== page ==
New Delhi, December 11
The UK authorities took necessary action in the wake of protests outside the Indian missions in London and Birmingham to ensure the safety and security of the premises and personnel, the Ministry of External Affairs said on Friday.
The MEA also asserted that it was in constant touch with the local authorities regarding the safety and security of India’s diplomatic premises.
The assertion came after protests this week outside the Indian High Commission in London and the Indian Consulate in Birmingham in support of Indian farmers protesting against the new farm laws.
On the protest in London, an Indian High Commission spokesperson had said: “It soon became clear that the gathering was led by anti-India separatists who had taken the opportunity of the protests in India to ostensibly back the farmers in India but use the opportunity to pursue their own anti-India agenda.”
Asked about the demonstrations and calls by pro-Khalistan outfit Sikhs for Justice (SFJ) for surrounding Indian missions, Ministry of External Affairs Spokesperson Anurag Srivastava said: “We are in constant touch with local authorities regarding the safety and security of our diplomatic premises. This, as you know, is the responsibility of the host government.”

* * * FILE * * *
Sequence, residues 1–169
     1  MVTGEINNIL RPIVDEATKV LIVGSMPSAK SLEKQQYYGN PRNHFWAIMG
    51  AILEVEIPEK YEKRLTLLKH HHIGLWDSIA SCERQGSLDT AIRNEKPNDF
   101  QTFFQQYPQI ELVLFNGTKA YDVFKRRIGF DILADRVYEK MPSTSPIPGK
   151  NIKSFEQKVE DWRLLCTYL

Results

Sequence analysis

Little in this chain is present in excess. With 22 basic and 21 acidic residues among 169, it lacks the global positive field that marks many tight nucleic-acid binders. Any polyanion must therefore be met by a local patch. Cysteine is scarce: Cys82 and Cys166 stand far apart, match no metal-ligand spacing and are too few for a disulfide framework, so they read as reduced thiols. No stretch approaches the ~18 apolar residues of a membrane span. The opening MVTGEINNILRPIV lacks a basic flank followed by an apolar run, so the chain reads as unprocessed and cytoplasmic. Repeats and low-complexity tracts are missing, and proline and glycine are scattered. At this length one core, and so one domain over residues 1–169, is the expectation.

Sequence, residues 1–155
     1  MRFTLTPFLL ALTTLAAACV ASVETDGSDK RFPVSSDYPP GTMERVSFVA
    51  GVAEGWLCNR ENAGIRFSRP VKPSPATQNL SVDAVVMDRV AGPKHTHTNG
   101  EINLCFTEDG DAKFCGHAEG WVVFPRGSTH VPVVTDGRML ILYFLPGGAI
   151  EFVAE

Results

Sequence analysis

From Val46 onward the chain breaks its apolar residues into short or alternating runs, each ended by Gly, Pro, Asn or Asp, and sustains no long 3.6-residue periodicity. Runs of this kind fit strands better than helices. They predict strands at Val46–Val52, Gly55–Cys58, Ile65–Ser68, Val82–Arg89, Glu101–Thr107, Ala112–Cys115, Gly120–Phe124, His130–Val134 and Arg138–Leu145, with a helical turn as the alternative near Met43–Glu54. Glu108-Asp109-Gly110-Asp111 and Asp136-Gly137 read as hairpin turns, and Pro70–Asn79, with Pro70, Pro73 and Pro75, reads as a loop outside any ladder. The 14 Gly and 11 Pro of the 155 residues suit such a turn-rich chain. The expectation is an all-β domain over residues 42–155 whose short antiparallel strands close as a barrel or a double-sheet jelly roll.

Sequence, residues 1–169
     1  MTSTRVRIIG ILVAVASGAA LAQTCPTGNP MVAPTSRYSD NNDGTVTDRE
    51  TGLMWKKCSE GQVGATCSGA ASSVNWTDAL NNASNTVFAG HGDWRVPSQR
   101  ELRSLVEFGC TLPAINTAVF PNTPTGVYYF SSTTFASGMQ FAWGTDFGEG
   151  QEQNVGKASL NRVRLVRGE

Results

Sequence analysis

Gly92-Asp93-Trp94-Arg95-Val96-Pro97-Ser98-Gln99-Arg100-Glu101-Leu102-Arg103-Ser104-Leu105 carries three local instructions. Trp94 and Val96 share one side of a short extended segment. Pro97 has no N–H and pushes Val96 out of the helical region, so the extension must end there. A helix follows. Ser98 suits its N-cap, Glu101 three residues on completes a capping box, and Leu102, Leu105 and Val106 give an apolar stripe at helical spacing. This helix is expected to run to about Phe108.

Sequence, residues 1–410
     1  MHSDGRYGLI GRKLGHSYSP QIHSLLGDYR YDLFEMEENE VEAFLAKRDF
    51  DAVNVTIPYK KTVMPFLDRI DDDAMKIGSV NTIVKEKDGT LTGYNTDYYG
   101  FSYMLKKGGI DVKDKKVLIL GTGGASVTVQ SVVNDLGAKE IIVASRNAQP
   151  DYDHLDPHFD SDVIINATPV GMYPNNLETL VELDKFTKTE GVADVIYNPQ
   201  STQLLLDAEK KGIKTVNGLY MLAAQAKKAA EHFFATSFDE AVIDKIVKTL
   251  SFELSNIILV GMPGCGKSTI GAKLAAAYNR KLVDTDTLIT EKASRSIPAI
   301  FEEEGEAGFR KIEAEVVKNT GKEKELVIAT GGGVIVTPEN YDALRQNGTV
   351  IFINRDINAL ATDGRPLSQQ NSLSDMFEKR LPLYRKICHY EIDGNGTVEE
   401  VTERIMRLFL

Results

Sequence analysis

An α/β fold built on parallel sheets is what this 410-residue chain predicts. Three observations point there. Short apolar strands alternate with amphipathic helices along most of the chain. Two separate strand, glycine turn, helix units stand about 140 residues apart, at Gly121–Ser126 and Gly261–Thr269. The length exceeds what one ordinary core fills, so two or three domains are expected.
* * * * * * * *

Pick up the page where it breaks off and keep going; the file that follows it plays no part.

“Regarding the protest in front of our High Commission in London and our Consulate in Birmingham, UK authorities took necessary action to ensure the safety and security of our premises and our personnel,” he said at an online briefing.
To another question on designated Khalistani terrorist Paramjit Singh Pamma spotted at protests in the UK and whether India had taken up the issue with the UK officially, Srivastava said the National Investigation Agency (NIA) has filed a charge sheet a couple of days back against 16 foreign-based Khalistanis in the referendum 2020 case and the list includes Pamma.
“As of now, I understand that further investigation is going on in this case as well as in earlier cases. Whatever action is required, will be taken,” he said.
Farmers in India are protesting the Farmers (Empowerment and Protection) Agreement of Price Assurance and Farm Services Act, 2020; Farmers Produce Trade and Commerce (Promotion and Facilitation) Act, 2020; and The Essential Commodities (Amendment) Act 2020.
Enacted in September, the three farm laws have been projected by the government as major reforms in the agriculture sector that will remove the middlemen and allow farmers to sell anywhere in the country.
However, the protesting farmers have expressed apprehension that the new laws would pave the way for eliminating the safety cushion of Minimum Support Price and do away with the mandis, leaving them at the mercy of big corporates. PTI